Two states recently enacted new pharmacy benefit manager licensing requirements that affect pharmacy benefit managers in Kentucky and New Mexico. It is important for Pharmacy Benefit Managers to ensure they are in compliance with these new laws.
The details of the actions are summarized below.
Kentucky SB 117
Kentucky Senate Bill 117 revised the definition of a "pharmacy benefit manager" (PBM) and "maximum allowable cost." It also clarifies PBM obligations, including an appeal process for certain parties and the maximum allowable cost to determine the drug product reimbursement. Further, Senate Bill 117 creates a new requirement for PBMs to obtain a license from the Kentucky Insurance Department by January 1, 2017. Per the Kentucky Insurance Department, as of January 1, 2017, an entity may not do business in Kentucky as a PBM until its PBM license has been issued. The Kentucky Insurance Department just recently published the PBM licensure application on its website.
The New Mexico Superintendent of Insurance recently issued Bulletin 2016-021, which supersedes Bulletin No. 2014-014.
According to the Superintendent, Bulletin 2016-21 was issued to advise any unlicensed PBM doing business in New Mexico that a PBM application must be submitted to the New Mexico Office of the Superintendent of Insurance by November 1, 2016, and that failure to comply with provisions of the New Mexico Pharmacy Benefits Manager Regulation Act may result in a monetary penalty of up to $10,000 per violation and cessation of business operations in New Mexico.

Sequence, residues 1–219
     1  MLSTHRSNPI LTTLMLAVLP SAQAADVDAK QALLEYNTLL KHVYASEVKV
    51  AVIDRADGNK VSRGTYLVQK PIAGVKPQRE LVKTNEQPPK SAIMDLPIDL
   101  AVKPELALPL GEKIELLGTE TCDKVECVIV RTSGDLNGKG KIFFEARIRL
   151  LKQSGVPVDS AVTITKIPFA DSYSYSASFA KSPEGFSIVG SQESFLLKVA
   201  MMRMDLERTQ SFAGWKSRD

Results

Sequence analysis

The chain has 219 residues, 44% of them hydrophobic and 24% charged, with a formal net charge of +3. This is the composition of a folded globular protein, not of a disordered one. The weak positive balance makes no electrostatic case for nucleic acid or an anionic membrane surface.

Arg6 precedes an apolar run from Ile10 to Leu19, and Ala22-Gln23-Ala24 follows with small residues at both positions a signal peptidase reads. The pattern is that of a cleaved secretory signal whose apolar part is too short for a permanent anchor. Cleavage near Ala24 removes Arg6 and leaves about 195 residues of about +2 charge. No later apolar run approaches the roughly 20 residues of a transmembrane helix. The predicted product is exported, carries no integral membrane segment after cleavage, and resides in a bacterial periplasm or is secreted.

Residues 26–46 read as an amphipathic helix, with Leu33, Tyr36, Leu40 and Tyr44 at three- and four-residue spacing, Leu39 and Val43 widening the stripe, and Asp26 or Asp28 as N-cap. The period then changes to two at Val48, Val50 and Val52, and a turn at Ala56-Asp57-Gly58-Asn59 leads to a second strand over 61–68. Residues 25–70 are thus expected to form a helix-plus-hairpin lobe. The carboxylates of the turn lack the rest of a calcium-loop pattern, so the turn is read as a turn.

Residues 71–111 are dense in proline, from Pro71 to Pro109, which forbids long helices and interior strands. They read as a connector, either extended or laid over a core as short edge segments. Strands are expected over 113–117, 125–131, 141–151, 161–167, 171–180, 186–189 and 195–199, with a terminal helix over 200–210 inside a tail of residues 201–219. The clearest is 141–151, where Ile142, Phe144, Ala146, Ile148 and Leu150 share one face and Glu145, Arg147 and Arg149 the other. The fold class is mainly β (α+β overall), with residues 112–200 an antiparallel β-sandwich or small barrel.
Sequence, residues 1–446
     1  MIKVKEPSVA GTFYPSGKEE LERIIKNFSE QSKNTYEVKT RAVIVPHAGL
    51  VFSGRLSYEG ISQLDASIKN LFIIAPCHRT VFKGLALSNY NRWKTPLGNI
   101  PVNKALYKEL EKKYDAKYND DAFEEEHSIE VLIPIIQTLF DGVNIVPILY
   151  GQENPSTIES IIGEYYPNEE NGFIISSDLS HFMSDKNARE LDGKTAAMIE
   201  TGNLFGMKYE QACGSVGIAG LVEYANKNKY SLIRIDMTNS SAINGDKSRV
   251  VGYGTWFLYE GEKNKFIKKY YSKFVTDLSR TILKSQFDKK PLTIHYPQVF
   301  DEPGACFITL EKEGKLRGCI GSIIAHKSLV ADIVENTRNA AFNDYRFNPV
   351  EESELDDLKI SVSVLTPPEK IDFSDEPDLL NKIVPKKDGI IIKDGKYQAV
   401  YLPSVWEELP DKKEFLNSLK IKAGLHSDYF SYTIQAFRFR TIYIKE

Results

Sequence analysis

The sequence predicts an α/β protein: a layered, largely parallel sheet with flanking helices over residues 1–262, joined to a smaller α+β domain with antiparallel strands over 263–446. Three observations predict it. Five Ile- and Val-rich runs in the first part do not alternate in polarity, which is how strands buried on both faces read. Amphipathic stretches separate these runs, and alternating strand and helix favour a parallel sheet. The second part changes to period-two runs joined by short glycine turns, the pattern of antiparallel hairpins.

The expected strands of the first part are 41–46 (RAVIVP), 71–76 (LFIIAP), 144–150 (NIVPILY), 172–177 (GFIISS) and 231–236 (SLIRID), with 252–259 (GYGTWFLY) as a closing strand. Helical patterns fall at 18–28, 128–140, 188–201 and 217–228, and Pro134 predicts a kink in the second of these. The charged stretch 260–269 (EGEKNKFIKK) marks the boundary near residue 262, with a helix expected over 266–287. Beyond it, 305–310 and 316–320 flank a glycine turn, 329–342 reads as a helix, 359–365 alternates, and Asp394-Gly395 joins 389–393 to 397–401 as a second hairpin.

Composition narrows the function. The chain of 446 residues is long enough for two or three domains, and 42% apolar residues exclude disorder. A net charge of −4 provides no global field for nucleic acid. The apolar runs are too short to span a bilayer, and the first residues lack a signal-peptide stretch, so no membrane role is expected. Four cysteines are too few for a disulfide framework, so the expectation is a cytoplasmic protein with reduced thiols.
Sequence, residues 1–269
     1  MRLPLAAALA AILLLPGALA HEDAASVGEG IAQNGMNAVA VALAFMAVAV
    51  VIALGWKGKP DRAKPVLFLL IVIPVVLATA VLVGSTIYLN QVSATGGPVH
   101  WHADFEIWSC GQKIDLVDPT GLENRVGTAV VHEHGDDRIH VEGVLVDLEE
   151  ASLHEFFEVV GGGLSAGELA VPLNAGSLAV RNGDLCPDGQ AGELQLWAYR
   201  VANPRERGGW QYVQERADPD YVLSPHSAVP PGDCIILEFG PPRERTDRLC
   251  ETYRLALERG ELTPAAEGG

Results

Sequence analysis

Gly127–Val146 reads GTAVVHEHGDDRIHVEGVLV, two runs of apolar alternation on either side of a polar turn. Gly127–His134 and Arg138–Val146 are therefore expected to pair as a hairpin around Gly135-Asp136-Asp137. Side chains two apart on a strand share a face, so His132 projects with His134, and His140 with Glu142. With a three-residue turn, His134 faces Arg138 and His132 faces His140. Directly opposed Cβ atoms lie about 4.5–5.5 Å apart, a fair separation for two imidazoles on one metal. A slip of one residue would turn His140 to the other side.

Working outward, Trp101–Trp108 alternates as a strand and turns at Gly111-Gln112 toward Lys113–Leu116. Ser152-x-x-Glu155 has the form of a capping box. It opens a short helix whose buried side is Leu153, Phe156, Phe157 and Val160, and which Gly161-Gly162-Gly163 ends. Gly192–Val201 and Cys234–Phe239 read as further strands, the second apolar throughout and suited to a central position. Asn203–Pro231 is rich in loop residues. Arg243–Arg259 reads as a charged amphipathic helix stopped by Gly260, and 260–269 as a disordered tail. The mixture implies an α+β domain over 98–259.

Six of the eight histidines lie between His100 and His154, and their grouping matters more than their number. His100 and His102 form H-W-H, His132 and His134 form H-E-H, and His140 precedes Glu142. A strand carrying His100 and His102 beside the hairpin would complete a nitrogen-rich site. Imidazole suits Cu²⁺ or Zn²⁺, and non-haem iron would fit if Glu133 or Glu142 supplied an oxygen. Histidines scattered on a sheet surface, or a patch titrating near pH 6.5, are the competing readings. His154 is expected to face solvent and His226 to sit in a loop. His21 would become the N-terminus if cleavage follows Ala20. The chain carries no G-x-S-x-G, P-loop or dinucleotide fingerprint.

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Polsinelli's Insurance and Health Care teams include attorneys who were former in-house counsel for TPAs and PBMs, as well as attorneys who were formerly insurance regulators.
By leveraging its extensive experience representing TPAs and PBMs, the Polsinelli team helps clients avoid the learning curve and related cost implications that can be experienced by working with companies or attorneys less familiar with the regulatory and compliance needs of TPAs and PBMs. For additional information regarding this article, please contact one of the authors, a member of Polsinelli’s Third Party Administrators practice, or your Polsinelli attorney.